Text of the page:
US Caught in Diplomatic Row Between India, Canada

US Caught in Diplomatic Row Between India, Canada

TEHRAN (Tasnim) – The US is caught in a diplomatic feud between India and Canada after Trudeau accused Indian agents of assassinating a Sikh separatist leader on Canadian soil.

This explosive allegation, according to the Hill, has emerged amid the Biden administration's efforts to strengthen ties with India as a crucial ally in countering China. Questions have arisen regarding the US relationship with India's controversial Prime Minister, Narendra Modi.

Reports suggest that the US closely collaborated with Canada in investigating the apparent murder on its territory. President Biden, however, has refrained from making public remarks on the allegations, reflecting the delicate balancing act of supporting Canada without alienating India.

All eyes are now on whether Prime Minister Justin Trudeau will provide evidence to substantiate his claims and how strained relations between Ottawa and New Delhi will become before US intervention becomes necessary.

Following Trudeau's public accusations against India, relations between the two nations have deteriorated significantly. Canada has not received public support from its allies, including the United States, as anticipated.

Vivek Dehejia, an economics professor and India-Canada policy expert at Carleton University in Ottawa, commented, "They have been disappointed by the level of support that they have received. If you look carefully at (national security adviser) Jake Sullivan's recent comments, he's walking a tightrope because Canada's very dramatic allegations have put the US and other NATO allies in a bind."

National Security Adviser Jake Sullivan offered a vague statement of support for Canada's investigative efforts and confirmed US contact with India's government regarding the matter.

Secretary of State Antony Blinken stated that the US is "coordinating" with Canada on the sidelines of the UN General Assembly and called for India's cooperation in the ongoing investigation.

Reports from The Washington Post indicate that senior officials from Canada's Five Eyes allies, including the US, were informed of the allegations prior to the G20 summit in New Delhi. However, no public comments were made by leaders of the group, which includes the UK, Australia, and New Zealand.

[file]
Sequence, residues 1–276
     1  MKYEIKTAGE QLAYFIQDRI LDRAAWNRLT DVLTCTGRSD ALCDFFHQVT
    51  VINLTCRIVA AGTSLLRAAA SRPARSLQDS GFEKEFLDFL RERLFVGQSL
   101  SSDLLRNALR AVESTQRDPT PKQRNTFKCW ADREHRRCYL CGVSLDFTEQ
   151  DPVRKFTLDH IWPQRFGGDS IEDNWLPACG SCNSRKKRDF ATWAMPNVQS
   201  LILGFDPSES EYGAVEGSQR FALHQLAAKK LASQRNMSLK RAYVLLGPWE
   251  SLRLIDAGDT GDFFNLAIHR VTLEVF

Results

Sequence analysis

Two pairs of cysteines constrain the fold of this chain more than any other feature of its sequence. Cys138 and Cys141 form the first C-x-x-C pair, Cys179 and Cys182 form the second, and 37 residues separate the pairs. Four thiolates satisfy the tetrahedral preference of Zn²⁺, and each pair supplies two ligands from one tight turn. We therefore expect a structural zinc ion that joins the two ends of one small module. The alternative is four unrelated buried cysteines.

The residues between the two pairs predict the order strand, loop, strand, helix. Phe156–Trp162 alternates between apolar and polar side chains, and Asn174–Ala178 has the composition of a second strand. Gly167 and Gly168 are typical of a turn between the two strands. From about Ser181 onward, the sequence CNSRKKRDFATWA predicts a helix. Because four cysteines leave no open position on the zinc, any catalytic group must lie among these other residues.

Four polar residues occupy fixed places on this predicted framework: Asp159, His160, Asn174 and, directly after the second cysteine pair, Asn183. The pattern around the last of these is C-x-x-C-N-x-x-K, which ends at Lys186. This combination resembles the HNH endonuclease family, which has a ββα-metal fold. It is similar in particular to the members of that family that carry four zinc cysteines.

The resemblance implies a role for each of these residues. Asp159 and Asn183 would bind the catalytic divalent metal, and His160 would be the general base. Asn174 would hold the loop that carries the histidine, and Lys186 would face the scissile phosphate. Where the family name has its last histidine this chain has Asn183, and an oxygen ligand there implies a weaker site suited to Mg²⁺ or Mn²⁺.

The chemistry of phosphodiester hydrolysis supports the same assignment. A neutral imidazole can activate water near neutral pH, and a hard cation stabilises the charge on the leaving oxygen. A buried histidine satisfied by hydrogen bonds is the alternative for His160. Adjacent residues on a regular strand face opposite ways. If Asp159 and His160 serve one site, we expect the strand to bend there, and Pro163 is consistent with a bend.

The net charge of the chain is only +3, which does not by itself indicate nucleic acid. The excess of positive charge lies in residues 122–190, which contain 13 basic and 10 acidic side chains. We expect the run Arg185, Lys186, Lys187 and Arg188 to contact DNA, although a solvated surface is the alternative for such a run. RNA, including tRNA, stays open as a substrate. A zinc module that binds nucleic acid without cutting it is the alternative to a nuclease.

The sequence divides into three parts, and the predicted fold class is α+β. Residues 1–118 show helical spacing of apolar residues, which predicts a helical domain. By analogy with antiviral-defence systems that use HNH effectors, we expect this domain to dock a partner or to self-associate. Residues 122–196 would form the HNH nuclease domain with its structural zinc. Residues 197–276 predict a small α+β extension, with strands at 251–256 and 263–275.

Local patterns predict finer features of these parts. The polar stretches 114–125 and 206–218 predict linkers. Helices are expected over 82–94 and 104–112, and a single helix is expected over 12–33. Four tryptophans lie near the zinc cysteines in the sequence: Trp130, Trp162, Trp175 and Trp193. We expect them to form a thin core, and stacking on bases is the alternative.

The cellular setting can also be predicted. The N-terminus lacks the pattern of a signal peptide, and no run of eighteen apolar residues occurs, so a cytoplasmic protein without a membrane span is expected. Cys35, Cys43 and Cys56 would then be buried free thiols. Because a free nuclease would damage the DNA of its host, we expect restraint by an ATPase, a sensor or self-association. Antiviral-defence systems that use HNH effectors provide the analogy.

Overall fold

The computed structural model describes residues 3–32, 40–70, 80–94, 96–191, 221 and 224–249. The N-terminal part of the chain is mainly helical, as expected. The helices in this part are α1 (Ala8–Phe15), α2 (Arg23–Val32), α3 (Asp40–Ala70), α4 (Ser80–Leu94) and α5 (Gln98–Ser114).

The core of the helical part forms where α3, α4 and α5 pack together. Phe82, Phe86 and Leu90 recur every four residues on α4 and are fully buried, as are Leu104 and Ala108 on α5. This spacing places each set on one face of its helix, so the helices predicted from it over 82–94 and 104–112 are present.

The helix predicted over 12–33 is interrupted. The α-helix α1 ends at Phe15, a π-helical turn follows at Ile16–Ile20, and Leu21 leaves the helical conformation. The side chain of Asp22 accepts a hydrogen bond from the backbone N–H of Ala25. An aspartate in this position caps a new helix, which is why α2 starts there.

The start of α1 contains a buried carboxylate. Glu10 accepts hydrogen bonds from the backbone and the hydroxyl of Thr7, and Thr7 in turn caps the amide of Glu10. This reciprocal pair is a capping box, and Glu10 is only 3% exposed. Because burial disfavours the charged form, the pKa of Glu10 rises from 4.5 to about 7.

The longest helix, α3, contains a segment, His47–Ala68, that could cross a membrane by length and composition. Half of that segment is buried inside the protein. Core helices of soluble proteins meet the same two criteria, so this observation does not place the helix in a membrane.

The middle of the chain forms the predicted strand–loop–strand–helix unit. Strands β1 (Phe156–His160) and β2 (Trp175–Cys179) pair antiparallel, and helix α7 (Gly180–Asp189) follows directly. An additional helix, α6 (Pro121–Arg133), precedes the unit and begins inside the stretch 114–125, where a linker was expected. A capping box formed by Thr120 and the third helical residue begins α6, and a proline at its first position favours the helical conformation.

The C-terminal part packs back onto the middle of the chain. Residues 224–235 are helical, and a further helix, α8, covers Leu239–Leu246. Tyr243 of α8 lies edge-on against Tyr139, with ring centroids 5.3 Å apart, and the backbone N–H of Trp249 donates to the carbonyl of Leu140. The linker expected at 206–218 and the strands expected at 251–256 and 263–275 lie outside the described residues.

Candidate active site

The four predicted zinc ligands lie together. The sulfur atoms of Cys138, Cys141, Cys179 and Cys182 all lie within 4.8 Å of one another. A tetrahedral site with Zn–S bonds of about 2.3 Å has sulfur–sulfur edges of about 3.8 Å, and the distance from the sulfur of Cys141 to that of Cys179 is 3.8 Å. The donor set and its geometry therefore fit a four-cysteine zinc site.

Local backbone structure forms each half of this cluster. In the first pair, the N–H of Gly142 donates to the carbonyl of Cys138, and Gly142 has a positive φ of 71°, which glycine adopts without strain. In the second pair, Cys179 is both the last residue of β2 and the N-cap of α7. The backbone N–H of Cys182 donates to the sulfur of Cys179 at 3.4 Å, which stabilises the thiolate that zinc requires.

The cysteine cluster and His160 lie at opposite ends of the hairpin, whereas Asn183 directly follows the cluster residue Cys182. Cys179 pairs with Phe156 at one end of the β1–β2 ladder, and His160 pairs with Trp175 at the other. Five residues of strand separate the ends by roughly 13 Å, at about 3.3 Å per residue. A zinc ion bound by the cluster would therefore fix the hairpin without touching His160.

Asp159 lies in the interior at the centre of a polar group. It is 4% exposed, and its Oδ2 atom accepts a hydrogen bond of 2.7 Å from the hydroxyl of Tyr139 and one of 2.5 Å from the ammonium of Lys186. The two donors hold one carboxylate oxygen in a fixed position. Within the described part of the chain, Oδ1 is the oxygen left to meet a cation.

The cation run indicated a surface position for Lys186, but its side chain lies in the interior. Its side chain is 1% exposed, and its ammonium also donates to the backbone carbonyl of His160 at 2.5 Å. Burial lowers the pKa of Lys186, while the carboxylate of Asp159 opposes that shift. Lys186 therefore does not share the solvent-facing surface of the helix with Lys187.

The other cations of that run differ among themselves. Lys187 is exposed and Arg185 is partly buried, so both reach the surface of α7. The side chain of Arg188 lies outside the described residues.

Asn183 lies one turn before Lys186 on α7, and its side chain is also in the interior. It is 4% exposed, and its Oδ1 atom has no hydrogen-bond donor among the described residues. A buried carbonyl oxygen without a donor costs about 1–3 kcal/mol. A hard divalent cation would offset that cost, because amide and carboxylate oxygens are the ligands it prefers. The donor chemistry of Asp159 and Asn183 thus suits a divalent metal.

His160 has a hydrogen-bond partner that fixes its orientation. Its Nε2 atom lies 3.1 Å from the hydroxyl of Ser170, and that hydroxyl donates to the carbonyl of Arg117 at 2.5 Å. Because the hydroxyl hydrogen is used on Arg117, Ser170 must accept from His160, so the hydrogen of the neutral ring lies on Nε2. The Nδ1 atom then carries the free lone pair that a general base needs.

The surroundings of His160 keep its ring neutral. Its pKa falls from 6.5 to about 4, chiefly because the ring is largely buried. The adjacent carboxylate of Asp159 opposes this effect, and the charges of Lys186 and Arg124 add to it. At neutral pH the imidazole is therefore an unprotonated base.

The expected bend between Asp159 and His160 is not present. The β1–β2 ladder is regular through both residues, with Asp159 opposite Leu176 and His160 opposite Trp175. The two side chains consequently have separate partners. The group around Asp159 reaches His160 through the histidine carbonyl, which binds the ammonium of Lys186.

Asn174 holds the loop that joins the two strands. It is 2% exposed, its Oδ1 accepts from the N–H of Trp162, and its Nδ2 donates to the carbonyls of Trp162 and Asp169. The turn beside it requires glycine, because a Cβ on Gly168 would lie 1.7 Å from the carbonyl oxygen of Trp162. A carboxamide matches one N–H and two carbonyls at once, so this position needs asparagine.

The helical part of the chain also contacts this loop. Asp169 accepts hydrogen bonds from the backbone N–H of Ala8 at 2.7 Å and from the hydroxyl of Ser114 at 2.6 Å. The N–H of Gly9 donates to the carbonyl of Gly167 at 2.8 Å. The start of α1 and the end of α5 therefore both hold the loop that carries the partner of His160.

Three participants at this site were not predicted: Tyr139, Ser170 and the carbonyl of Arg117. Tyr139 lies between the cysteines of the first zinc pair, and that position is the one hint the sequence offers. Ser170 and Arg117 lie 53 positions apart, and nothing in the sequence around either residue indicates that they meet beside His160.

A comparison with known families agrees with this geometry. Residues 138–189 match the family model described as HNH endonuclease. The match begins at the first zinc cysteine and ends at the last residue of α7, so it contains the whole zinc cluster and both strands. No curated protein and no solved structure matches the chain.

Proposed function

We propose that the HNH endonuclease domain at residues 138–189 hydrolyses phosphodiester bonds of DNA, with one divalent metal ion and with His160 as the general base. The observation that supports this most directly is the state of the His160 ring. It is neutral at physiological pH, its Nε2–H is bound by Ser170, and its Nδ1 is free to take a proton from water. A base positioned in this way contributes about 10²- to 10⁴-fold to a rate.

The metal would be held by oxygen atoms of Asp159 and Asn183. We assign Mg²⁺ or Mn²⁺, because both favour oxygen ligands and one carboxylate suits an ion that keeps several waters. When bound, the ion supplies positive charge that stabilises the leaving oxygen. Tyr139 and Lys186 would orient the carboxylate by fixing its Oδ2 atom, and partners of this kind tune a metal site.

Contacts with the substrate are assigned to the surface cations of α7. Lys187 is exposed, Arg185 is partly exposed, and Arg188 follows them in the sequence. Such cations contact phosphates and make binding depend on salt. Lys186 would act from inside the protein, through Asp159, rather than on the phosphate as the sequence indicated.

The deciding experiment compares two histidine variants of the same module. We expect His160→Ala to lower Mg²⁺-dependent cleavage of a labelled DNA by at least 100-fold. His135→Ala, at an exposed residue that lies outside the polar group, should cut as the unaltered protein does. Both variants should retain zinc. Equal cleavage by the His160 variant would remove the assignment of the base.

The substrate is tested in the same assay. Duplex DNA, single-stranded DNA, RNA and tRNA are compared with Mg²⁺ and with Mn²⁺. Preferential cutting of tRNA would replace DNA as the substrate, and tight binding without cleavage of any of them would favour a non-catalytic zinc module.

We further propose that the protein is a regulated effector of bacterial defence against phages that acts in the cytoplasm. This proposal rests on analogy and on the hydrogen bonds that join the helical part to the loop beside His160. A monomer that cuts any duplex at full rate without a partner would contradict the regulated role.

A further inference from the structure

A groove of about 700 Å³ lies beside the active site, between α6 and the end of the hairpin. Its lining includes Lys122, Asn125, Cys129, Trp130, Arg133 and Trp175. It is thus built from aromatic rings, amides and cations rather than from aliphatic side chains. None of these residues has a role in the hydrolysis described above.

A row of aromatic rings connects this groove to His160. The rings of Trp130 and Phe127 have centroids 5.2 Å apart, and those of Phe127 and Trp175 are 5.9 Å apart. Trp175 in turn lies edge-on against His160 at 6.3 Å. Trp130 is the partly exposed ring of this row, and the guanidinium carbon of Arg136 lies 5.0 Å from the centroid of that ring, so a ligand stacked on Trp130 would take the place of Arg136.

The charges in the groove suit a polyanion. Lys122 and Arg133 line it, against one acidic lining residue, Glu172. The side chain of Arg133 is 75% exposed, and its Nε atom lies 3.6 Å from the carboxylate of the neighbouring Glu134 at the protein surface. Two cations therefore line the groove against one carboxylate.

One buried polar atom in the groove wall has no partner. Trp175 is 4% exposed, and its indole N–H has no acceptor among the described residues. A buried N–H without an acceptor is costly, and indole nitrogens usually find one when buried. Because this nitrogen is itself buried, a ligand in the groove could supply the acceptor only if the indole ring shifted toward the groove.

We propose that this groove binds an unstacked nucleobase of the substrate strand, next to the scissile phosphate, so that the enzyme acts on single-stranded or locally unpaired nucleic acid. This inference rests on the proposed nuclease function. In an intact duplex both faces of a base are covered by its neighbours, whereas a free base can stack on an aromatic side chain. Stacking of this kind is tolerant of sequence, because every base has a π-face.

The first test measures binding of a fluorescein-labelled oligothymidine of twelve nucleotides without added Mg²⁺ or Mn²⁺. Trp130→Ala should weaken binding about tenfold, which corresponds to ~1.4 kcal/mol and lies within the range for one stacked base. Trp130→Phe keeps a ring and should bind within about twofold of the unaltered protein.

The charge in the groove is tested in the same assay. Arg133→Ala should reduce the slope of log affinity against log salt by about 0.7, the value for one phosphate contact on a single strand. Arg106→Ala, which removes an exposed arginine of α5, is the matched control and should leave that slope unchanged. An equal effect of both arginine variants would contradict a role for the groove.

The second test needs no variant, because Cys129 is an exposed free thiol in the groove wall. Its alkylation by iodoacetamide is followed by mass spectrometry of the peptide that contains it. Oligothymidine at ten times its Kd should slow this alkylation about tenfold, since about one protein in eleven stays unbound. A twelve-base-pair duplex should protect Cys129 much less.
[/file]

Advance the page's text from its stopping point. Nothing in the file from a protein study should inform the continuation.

The month of the Sikh leader's assassination coincided with a state visit by Indian Prime Minister Modi to the US. India has long claimed that Canada turns a blind eye to extremist elements, particularly Khalistani secessionists advocating for a separate Sikh homeland in the Punjab region.

Trudeau has faced harsh criticism from former officials in Canada. Omer Aziz, a former foreign policy advisor, argued that Ottawa's foreign policy initiatives have been driven by domestic diaspora politics, particularly the Sikh diaspora's importance as liberal voters.

In New Delhi, the Canadian allegations have garnered a unified response from a typically divided political landscape. Even Modi's main opposition, the Indian National Congress, has backed his government's stance on Trudeau and Canada, emphasizing the importance of an uncompromising fight against terrorism that threatens India's sovereignty and unity.

Pressure is mounting on Trudeau to disclose how Canada obtained the intelligence that led to its public accusation against the Indian government. Trudeau has reiterated his claims, stating that Canada had "credible reasons to believe that agents of the government of India were involved in the killing of a Canadian on Canadian soil."

Reports suggest that Ottawa closely collaborated with the United States on the intelligence assessment, although the White House has not commented on the matter.

While Canada may be unable to reveal the source of its information, it may ultimately fall upon the United States to mediate the escalating dispute, which has resulted in India suspending new visas for Canadians and expelling a Canadian diplomat.

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